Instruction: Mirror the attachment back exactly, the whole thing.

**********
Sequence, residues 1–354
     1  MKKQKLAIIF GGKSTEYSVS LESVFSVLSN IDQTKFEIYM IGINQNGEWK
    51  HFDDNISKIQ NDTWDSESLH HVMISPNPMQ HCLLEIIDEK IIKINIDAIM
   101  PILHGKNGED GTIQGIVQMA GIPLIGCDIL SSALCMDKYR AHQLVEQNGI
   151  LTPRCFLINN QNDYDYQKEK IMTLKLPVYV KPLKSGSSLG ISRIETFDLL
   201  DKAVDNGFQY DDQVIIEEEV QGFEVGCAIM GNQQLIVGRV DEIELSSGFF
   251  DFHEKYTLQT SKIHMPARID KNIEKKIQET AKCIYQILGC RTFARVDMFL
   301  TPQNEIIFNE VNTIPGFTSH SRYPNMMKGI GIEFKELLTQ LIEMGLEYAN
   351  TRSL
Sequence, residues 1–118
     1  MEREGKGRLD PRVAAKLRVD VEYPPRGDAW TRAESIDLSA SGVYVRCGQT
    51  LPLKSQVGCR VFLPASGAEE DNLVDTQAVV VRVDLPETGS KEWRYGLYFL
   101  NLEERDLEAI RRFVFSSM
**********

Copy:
Sequence, residues 1–354
     1  MKKQKLAIIF GGKSTEYSVS LESVFSVLSN IDQTKFEIYM IGINQNGEWK
    51  HFDDNISKIQ NDTWDSESLH HVMISPNPMQ HCLLEIIDEK IIKINIDAIM
   101  PILHGKNGED GTIQGIVQMA GIPLIGCDIL SSALCMDKYR AHQLVEQNGI
   151  LTPRCFLINN QNDYDYQKEK IMTLKLPVYV KPLKSGSSLG ISRIETFDLL
   201  DKAVDNGFQY DDQVIIEEEV QGFEVGCAIM GNQQLIVGRV DEIELSSGFF
   251  DFHEKYTLQT SKIHMPARID KNIEKKIQET AKCIYQILGC RTFARVDMFL
   301  TPQNEIIFNE VNTIPGFTSH SRYPNMMKGI GIEFKELLTQ LIEMGLEYAN
   351  TRSL
Sequence, residues 1–118
     1  MEREGKGRLD PRVAAKLRVD VEYPPRGDAW TRAESIDLSA SGVYVRCGQT
    51  LPLKSQVGCR VFLPASGAEE DNLVDTQAVV VRVDLPETGS KEWRYGLYFL
   101  NLEERDLEAI RRFVFSSM